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Shutters control light without obscuring view

April 04, 2005|by ROSE BENNETT GILBERT/Copley News Service

Q: The front hall of our house has a row of long windows across the wall opposite the entry door. It's disconcerting to open the door and be looking right out the window, but the light is so nice I don't want to block it with curtains. Maybe shutters?

A: Shutters are always a good answer when you need to control light without obscuring the view because, unlike curtains or other fabric treatments, they have a substantial architectural quality. They look as if they were built-in, especially if you match the shutters to your wall color. While you'll still get the light, you'll avoid the sensation that you're going out again as soon as you come in.

Another possible solution is nicely illustrated by the room we show here. To maximize the light and airiness in their Nantucket Island, Mass., house, the homeowners had a row of windows built across one wall and accessorized it with a low table that underscores the importance of the windows without stealing any of the view. That view is well worth cherishing, according to designer/author Lisa McGee, who features the house in her book, "At Home in Nantucket" (Chronicle Books; $40).

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The inside view is equally intriguing: the house belongs to Todd and Liz Winship - she's the owner of famed Nantucket Looms, the landmark crafts gallery that has woven rugs for the likes of Jackie Onassis, who used them in her Martha's Vineyard beach house.

Q: My husband wants to turn our living room into a library, so I'm looking for inspiration, also for advice about, well, indulging in a bit of fakery. Somewhere I read about a company that makes fake leather-bound books. That would be wonderful for the upper shelves - our ceilings are 10- and 12-feet tall. and those top shelves would be useless. Is this kind of thing ever done?

A: Often. And shamelessly, for logical reasons. The literati might squirm, but commercial designers think nothing of faking wall-to-wall books in public places, such as restaurants and hotels. There are even trompe l'oeil (eye-fooling) wallpapers that look like the real thing, at least from a distance.

More realistic - and lots easier than hunting down yards of actual antique books - there exist panels of "old" book spines that have been molded in resin from 18th and 19th century originals, then hand-colored, gilded and waxed. Installed on bookshelves, they make you out to be a gentleperson and a scholar, but the information therein is really shallow, pun intended: the "books" are only 1/4 to 1 1/8-inches thick.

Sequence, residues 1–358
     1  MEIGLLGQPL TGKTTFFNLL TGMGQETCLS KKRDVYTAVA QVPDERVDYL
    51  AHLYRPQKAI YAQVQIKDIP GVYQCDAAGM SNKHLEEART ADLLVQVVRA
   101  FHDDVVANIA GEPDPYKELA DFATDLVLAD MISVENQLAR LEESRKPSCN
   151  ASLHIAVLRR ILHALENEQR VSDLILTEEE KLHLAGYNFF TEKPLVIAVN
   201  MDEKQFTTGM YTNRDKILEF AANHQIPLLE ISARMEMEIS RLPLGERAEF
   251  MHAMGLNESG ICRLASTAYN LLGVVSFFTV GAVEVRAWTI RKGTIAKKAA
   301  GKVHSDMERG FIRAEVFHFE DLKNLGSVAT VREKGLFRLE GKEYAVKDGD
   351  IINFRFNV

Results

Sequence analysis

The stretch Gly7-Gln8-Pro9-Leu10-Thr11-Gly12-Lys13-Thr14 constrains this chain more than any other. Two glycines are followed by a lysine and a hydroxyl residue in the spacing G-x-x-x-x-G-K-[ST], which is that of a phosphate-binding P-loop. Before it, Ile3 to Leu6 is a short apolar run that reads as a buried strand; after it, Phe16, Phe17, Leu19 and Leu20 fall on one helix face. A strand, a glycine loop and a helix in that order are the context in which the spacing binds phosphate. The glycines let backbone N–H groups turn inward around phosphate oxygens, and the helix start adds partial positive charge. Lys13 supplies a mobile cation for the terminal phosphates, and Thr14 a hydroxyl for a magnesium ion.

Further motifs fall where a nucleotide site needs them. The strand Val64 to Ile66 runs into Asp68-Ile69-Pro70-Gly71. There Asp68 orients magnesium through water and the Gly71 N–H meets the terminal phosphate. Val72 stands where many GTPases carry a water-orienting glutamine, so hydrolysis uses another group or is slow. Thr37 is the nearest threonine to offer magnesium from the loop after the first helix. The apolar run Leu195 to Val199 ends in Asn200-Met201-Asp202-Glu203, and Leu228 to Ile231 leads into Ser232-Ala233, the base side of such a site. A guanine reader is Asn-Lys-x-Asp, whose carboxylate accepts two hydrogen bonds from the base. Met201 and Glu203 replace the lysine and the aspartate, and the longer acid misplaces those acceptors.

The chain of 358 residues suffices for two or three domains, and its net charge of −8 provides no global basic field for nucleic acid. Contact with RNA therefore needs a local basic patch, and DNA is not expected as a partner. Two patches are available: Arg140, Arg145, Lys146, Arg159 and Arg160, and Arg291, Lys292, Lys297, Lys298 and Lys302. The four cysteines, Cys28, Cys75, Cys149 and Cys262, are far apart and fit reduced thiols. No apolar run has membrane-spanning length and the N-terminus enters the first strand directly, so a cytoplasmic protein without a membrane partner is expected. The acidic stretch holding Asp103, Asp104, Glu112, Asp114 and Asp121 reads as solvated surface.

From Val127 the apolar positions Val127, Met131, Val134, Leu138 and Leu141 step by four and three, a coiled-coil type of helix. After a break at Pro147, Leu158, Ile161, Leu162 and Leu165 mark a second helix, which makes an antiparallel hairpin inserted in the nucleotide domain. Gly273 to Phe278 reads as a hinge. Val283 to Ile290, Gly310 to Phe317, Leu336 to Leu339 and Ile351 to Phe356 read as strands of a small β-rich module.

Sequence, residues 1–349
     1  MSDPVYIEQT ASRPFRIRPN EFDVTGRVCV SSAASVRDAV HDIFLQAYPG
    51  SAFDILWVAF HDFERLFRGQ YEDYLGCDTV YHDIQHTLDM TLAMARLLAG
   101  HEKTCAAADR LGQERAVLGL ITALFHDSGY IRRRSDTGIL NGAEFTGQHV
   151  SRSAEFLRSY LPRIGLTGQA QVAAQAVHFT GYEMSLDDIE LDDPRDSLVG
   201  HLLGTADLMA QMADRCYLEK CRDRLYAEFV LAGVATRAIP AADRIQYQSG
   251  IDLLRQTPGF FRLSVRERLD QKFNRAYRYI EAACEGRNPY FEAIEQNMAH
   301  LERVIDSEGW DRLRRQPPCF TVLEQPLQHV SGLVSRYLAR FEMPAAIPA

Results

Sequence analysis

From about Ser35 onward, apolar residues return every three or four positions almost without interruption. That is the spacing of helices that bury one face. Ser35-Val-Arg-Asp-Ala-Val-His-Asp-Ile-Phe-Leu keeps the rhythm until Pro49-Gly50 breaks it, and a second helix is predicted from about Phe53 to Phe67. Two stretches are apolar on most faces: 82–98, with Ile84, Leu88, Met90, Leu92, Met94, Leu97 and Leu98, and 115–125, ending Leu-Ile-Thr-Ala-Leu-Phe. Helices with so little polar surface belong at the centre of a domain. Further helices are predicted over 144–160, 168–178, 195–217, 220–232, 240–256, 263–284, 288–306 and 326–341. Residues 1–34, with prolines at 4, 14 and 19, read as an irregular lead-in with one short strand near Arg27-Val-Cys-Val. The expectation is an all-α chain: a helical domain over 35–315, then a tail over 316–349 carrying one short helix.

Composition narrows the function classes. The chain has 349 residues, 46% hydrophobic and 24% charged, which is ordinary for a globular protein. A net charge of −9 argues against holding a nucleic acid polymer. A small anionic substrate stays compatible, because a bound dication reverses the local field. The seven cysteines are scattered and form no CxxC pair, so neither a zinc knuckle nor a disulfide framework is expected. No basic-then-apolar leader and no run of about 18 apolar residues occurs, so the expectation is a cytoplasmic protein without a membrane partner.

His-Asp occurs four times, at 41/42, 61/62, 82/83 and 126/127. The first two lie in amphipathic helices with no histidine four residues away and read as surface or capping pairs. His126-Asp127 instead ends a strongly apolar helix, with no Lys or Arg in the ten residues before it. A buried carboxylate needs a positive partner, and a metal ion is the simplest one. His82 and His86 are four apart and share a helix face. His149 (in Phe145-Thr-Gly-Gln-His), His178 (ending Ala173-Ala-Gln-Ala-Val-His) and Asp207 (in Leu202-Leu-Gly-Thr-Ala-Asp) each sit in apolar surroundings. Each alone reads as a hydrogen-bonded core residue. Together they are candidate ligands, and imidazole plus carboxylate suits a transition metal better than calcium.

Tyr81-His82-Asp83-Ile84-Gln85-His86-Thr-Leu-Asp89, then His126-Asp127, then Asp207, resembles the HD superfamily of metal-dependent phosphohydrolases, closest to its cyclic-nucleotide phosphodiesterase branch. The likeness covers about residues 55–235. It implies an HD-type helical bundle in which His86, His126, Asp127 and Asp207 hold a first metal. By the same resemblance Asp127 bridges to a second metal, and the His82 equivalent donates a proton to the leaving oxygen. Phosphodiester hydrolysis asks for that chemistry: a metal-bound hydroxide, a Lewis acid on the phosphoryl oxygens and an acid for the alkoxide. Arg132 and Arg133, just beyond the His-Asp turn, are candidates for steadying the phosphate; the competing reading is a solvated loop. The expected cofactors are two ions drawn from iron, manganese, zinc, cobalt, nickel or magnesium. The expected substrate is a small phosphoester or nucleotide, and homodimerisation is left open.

These elegant fakers were originally made in England by a century-old company, Goodchild's Inc. Now relocated to Dallas (www.goodchildsinc.com), Goodchild's also offers restoration services for antique furniture, and makes antique and new wood paneling, built-ins, and unique pieces of traditional furniture.

With three generations of experience behind them, some of Goodchild's tips for antique wood care are worth repeating (and heeding):

Cherish the patina that builds up on furniture over the years. Waxing protects that patina, but cleaning should be done gingerly, using a soft damp cloth or chamois. Wipe the wood then immediately dry with another soft cloth.

To remove cold wax from wood, lift off in a slab. Or warm it first with a hot water bottle wrapped in cloth, then lift off.

Never use metal cleaners to polish brass mounts and hardware while it's attached to the furniture. Cleaners can damage the wood itself.

Protect wood from strong sunlight (a filtering window film like Vista UV Shield, www.vista-films.com, will help).

Fluctuations in temperature and humidity can damage wood, especially inlaid or veneered pieces. Never turn A/C or heat completely off when you're on vacation.

Two final pointers: Never drag furniture, and never tilt back on an antique chair's rear legs.

Rose Bennett Gilbert is the co-author of "Hampton Style" and associate editor of Country Decorating Ideas. Please send your questions to her at Copley News Service, P.O. Box 120190, San Diego, CA 92112-0190, or online at copleysd@copleynews.com.

Copley News Service

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